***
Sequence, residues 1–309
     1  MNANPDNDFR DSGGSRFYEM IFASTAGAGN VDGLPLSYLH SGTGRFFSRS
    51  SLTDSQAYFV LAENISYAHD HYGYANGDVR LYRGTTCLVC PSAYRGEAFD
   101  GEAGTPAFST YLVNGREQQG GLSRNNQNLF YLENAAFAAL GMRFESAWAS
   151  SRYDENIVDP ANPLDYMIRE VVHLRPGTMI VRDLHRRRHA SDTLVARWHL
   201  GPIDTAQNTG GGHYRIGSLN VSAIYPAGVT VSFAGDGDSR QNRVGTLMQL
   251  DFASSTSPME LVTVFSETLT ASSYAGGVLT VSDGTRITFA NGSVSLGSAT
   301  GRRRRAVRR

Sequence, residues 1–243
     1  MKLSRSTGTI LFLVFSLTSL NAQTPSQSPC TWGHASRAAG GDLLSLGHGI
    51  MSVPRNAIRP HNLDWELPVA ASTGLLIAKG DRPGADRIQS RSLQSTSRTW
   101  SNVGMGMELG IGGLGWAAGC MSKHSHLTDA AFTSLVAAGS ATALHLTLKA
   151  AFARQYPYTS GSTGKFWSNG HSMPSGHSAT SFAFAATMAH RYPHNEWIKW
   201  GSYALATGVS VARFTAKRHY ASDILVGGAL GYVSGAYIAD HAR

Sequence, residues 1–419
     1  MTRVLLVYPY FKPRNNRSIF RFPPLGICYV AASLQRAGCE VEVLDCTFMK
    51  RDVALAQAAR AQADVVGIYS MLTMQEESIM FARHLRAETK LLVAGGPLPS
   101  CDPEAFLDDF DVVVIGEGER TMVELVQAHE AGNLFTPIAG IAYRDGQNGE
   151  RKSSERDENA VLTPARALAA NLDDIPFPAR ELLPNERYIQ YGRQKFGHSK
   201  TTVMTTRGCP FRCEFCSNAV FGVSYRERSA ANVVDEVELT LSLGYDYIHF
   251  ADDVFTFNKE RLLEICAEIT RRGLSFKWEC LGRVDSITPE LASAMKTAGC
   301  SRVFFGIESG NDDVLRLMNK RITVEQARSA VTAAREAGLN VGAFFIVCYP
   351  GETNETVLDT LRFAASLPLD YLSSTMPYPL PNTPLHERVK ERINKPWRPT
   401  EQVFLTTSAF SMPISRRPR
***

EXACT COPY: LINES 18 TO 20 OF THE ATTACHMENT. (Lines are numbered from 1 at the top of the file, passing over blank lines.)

   101  CDPEAFLDDF DVVVIGEGER TMVELVQAHE AGNLFTPIAG IAYRDGQNGE
   151  RKSSERDENA VLTPARALAA NLDDIPFPAR ELLPNERYIQ YGRQKFGHSK
   201  TTVMTTRGCP FRCEFCSNAV FGVSYRERSA ANVVDEVELT LSLGYDYIHF